In addition to this generally applicable markup, there are certain Schema.org Types which are particularly helpful for specific kinds of businesses:

  • E-commerce
    • including online course providers
  • Recipes Sites
  • Publishers
  • Events/Ticketing Sites
    • including educational institutions which offer courses
  • Local Businesses
  • Specific Industries (small business and larger organizations)
  • Creative Producers

Schema.org for e-commerce

If you have an e-commerce site, you’ll want to check out:

  • Product: this allows you to display product information, such as price, in the search result. You can use this markup on an individual product page, or an aggregator page which shows information about different sellers offering an individual product.
  • Offer: this can be combined with Schema.org/Product to show a special offer on your product (and encourage higher CTRs).
  • Review: if your site has product reviews, you can aggregate the star ratings for each individual product and display it in the SERP for that product page, using Schema.org/aggregateRating.

Things to watch out for…

  • Product markup is designed for individual products, not lists of products. If you have a category page and want to mark it up, you’ll need to mark up each individual product on the page with its own data.
  • Review markup is designed for reviews of specific items, goods, services, and organizations. You can mark up your site with reviews of your business, but you should do this on the homepage as part of your organization markup.
  • If you are marking up reviews, they must be generated by your site, rather than via a third-party source.
  • Course markup should not be used for how-to content, or for general lectures which do not include a curriculum, specific outcomes, or a set student list.

Schema.org for recipes sites

For sites that publish a lot of recipe content, Recipe markup is a fantastic way to add additional context to your recipe pages and get a lot of visual impact in the SERPs.

Things to watch out for…

If you’re implementing Recipe Rich Cards, you’ll want to be aware of some extra guidelines:

Schema.org for publishers

If you have an publisher site, you’ll want to check out the following:

  • Article and its subtypes,
    • NewsArticle: this indicates that the content is a news article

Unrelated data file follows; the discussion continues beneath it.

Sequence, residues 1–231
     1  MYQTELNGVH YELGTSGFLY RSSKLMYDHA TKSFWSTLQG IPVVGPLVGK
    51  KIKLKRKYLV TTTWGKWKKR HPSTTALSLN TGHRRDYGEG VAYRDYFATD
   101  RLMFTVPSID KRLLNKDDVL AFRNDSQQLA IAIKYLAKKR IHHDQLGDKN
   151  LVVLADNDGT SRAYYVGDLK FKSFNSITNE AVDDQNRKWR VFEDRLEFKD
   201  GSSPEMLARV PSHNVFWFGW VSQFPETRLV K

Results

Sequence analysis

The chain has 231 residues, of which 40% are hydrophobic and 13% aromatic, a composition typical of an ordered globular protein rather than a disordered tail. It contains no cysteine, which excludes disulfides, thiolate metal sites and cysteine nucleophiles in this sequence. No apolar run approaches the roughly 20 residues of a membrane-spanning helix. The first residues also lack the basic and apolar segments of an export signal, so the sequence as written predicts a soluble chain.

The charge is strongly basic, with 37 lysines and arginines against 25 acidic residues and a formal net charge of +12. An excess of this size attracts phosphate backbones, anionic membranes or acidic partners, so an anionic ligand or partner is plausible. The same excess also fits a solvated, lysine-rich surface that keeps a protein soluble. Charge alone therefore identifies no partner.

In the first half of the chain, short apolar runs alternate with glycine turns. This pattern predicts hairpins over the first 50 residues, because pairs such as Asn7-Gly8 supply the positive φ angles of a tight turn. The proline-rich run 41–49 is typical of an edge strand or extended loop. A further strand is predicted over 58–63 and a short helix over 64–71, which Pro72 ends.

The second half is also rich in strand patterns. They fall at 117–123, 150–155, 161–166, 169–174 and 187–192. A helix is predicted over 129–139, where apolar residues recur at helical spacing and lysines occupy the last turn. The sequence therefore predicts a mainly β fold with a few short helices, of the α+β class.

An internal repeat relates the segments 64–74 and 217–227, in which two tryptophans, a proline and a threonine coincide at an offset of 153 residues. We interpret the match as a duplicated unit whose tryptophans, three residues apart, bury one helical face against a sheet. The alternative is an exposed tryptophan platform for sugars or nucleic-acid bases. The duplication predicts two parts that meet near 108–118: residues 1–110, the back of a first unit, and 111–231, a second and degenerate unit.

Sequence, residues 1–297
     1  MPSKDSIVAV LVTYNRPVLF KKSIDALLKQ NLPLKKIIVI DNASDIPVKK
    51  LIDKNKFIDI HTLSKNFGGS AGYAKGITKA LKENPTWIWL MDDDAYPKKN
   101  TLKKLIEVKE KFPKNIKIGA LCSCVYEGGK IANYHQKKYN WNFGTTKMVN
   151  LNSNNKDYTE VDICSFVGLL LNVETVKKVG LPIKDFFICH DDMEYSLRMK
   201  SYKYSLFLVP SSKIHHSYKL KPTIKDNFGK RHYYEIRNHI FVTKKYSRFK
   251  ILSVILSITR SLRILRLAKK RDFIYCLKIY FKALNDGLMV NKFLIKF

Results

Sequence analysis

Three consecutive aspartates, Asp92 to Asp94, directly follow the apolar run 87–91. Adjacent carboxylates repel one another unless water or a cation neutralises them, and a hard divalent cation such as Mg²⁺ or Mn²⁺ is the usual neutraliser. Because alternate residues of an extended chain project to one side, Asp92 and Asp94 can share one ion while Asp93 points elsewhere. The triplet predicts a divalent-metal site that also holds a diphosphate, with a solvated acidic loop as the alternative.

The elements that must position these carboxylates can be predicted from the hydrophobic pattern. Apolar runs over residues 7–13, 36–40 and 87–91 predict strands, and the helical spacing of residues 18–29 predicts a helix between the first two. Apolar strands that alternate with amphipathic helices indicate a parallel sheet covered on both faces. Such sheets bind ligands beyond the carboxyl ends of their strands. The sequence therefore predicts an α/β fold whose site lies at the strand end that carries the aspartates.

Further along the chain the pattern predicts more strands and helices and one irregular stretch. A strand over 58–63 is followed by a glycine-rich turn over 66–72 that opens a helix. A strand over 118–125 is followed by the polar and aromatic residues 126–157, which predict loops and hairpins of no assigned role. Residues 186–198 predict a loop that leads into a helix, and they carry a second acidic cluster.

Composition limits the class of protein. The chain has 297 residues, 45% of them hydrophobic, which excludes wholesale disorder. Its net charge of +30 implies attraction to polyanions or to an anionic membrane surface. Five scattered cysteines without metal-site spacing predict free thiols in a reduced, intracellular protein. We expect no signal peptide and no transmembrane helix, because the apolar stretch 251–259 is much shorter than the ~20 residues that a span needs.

• BlogPosting: similar to Article and NewsArticle, but specifies that the content is a blog post
  • Fact Check: If your site reviews or discusses “claims made by others,” as Google diplomatically puts it, you can add a “fact check” to your snippet using the Schema.org/ClaimReview.

Image source

  • CriticReview: if your site offers critic-written reviews of local businesses (such as a restaurant critic’s review), books, and /or movies, you can mark these up with Schema.org/CriticReview.
    • Note that this is a feature being tested, and is a knowledge box feature rather than a rich snippet enhancement of your own search result.

Image source

Things to watch out for…

Schema.org for events/ticketing sites

If your business hosts or lists events, and/or sells tickets, you can use:

  • Events: you can mark up your events pages with Schema.org/Event and get your event details listed in the SERP, both in a regular search result and as instant answers at the top of the SERP:

  • Courses: If your event is a course (i.e., instructor-led with a student roster), you can also use Schema.org/Course markup.

Things to watch out for…

  • Don’t use Events markup to mark up time-bound non-events like travel packages or business hours.
  • As with products and recipes, don’t mark up multiple events listed on a page with a single usage of Event markup.
    • For a single event running over several days, you should mark this up as an individual event and make sure you indicate start and end dates;
    • For an event series, with multiple connected events running over time, mark up each individual event separately.
  • Course markup should not be used for how-to content, or for general events/lectures which do not include a curriculum, specific outcomes, and an enrolled student list.

Schema.org for job sites

If your site offers job listings, you can use Schema.org/JobPosting markup to appear in Google’s new Jobs listing feature:

Note that this is a Google aggregator feature, rather than a rich snippet enhancement of your own result (like Google Flights).

Things to watch out for…

  • Mark up each job post individually, and do not mark up a jobs listings page.
  • Include your job posts in your sitemap, and update your sitemap at least once daily.
  • You can include Review markup if you have review data about the employer advertising the job.